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Ron Washington is one of those guys who was born as a 40-year-old man.

Or maybe it just seems that way because he was actually 30 before almost any of us ever encountered him.

Signed as an amateur free agent by the Kansas City Royals way back in 1970, the wispy (5’11”, 155 pounds) infielder spent five seasons in the KC minor league system without ever sniffing the Majors.

In November of 1976, the Royals finally gave up on him and sent him to the Los Angeles Dodgers in exchange for the immortal Steve Patchin.

That was a great move for Washington, at least in the short term, because he got a late-season call-up from LA as the Dodgers made their pennant run.

Despite a steadily climbing batting average and Major League speed, though, the Dodgers just didn’t have room on their Big League roster for a 26-year-old rookie in 1978. Washington bounced back to the minors and stayed there until LA traded him to the Minnesota Twins in March of 1980.

The Twins stationed Washington with Max Klinger’s Toledo Mud Hens, and he stayed there all through 1980 and most of 1981. Finally, toward the end of that strike-torn season, Washington got the call from the Twins.

At age 29, Ron Washington was in the Major Leagues for good, more or less.

And, after another season in Minnesota, collectors got our first look at Washington when Topps included him in their 1982 Traded set:

1982 Topps Traded Ron Washington

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Man, that was an old-looking rookie!

But we know now that’s because Washington was more seasoned than green, regardless of what the stats on the back of #124T said.

Indeed …

As the Twins built toward the team that would eventually win the 1987 World Series, Washington was a reliable veteran — though with little Big League experience — whom managers Billy Gardner, Ray Miller, and, finally, Tom Kelly could call on all over the left side of the infield.

Whenever Tim Teufel or Greg Gagne or Gary Gaetti needed to come out of the lineup, for whatever reason, Washington was ready to go.

Alas, with the Twins on the cusp of greatness, even if no one realized it, they released Washington just before the 1987 season began.

A week later, on April 6, he inked a free agent deal with the Baltimore Orioles and logged 81 plate appearances for an awful O’s team that lost 95 games. The sting of disappointment must have grown throughout that fall and winter as, not only did the Orioles wreak, and not only did the his former team shock the world by winning the Series, but Baltimore released Washington just before Christmas.

At nearly 36 years of age, Washington could have retired, but he gave it one more go and signed with the Cleveland Indians before the New Year.

It was a new lease on baseball life, but with a caveat — the only AL East team with a worse record than the O’s in 1987 were the Indians, who dropped 101 games. If Washington flamed out in Cleveland, the bottom of the swamp, he was likely done.

He didn’t flame out.

In fact, Washington picked up 241 plate appearances in 1988, his most in the Major Leagues since 1983. He managed to hit .256 and smack a couple of home runs, too, but it wasn’t enough for a Cleveland team hoping to climb above .500.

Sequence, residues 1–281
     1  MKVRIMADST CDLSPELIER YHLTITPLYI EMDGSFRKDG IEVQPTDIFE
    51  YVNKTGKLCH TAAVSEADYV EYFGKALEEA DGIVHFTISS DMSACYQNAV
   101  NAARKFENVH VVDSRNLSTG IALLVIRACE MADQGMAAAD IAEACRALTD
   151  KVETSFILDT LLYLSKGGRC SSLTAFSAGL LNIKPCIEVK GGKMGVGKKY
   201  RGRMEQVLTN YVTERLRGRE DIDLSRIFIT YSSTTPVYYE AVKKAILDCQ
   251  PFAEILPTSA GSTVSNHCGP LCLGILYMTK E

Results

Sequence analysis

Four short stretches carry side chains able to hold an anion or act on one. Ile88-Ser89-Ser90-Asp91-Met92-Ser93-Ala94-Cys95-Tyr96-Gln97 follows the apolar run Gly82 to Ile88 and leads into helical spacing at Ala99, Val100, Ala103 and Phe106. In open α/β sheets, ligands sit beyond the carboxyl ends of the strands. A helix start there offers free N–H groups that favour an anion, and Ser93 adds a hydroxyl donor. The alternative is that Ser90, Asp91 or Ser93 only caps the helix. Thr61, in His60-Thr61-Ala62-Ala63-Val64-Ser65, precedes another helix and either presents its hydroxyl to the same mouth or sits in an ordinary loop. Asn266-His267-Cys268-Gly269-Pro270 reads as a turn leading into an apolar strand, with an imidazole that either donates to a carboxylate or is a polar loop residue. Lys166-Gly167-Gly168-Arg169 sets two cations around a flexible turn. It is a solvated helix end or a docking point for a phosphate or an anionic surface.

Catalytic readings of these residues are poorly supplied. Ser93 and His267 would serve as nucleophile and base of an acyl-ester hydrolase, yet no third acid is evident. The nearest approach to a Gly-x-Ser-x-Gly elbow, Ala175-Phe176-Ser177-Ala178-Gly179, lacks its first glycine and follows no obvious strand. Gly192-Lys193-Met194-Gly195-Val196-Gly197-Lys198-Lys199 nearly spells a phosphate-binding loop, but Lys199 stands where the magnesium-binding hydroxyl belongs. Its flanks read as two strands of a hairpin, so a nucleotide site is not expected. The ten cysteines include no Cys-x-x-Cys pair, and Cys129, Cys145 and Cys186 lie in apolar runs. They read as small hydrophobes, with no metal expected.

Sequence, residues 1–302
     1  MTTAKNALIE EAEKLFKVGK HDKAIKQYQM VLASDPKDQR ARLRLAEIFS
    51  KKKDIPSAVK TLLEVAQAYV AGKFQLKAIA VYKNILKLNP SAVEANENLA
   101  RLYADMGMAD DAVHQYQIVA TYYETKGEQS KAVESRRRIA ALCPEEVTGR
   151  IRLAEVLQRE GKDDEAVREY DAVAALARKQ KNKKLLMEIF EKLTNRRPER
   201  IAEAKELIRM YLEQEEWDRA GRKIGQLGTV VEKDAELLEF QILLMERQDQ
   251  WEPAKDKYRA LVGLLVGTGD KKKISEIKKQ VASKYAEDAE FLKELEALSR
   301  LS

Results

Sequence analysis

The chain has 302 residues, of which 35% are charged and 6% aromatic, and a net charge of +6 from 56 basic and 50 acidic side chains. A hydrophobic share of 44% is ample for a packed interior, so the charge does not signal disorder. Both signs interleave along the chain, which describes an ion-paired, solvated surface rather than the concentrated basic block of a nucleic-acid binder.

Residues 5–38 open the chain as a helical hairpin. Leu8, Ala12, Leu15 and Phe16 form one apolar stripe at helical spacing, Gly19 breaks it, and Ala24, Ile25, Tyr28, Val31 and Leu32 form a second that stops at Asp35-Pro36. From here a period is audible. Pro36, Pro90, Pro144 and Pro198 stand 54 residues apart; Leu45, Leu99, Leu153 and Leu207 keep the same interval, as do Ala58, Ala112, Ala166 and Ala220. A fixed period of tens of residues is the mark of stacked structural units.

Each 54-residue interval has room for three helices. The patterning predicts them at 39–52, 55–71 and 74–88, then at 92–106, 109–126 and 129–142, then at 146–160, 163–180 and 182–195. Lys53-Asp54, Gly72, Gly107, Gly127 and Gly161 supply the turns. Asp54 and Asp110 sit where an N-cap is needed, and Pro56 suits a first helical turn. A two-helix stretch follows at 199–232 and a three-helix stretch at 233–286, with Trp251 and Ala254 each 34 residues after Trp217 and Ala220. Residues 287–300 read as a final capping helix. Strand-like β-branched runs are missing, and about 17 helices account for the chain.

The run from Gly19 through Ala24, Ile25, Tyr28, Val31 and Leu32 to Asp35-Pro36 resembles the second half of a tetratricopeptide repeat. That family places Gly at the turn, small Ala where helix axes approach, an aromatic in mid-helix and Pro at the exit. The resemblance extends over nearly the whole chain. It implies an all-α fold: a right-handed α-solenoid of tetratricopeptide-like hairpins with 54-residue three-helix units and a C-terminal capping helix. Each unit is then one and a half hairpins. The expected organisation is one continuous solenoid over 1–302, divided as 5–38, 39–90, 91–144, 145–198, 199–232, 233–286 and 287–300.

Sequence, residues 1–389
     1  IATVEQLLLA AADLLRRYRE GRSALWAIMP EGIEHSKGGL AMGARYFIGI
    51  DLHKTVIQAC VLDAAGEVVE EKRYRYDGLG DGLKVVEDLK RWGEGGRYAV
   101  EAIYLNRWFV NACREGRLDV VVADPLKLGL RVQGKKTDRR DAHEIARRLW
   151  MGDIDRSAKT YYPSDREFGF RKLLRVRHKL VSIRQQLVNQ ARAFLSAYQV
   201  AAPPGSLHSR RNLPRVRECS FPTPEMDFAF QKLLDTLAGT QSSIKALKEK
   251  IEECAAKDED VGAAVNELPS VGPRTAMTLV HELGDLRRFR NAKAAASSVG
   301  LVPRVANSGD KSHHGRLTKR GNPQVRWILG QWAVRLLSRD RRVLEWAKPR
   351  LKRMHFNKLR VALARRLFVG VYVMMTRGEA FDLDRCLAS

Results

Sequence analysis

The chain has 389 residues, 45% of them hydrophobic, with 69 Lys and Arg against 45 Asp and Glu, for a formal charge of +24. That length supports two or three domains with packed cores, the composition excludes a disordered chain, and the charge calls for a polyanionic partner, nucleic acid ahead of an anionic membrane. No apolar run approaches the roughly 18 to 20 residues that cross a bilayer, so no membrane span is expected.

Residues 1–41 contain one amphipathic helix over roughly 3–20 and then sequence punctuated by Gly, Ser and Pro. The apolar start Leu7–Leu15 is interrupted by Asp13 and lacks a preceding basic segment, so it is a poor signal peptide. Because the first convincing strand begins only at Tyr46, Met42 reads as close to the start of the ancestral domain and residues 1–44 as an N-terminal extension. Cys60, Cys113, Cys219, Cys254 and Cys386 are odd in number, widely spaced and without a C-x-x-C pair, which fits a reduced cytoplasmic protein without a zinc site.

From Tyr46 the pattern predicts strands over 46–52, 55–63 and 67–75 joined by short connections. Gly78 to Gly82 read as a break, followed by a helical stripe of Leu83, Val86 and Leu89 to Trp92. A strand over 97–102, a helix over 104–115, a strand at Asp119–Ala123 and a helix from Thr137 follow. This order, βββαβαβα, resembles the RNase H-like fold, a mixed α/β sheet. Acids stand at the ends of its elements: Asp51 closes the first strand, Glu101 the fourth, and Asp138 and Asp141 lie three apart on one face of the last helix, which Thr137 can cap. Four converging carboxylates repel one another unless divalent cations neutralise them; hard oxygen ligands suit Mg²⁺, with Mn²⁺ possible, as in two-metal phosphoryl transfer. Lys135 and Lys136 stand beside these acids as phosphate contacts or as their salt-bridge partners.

After helping the Indians improve by 17 games from 1987, Washington found himself on the baseball streets again that November.

He managed to convince the Houston Astros that he had something left to offer, and they signed him to a free agent contract in February of 1989.

About that time, the new year’s baseball cards were starting to hit store shelves across the nation.

And, while most collectors clamored for the Gary Sheffield and Ken Griffey, Jr., rookie cards, and while everyone with a pulse chased after the 1989 Fleer Billy Ripken F-Face monstrosity, folks looking for a little cardboard honesty could turn to the 1989 Donruss set.

1989 Donruss Ron Washington

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There, nestled between John Cerutti and Jeff Reed, Ron Washington emerged from the dark Cleveland baseball wasteland into the light of day on card #468.

His eyes were squinted, a mixture of resentment, fear, trepidation, and sorrow blasting through the slits under his Chief Wahoo cap. The deep lines on his face told you it had been a rough ride, last season, and for the 18 before that, and Washington expected it to be rough in 1989, too.

Even the beaming, now-banned Wahoo and curly locks that streamed in the summer air when Washington sped around the bases couldn’t overcome the gloom of his face.

And Washington was right.

He spent most of 1989 with the Triple-A Tucson Toros before making seven appearances and collecting one hit with Astros. Then they released him.

It was a rough year.

Washington would hook up with the Texas Rangers in 1990, spending the entire season with the Triple-A Oklahoma City 89ers. It was a relationship that would eventually lead him back to the Big Leagues as a skipper, but his playing days were done.

Ron Washington took a very long road to the Major Leagues and, even when he made it, his spot was never really secure.

Every walk of life has its struggles, even that of a professional baseball player.

And sometimes, like on Washington’s 1989 Donruss baseball card, those struggles are etched right on your face, for the whole world to see.

(Check out our other player card posts here.)

Ron Washington #409 1986 Fleer

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Ron Washington #292 1985 Fleer

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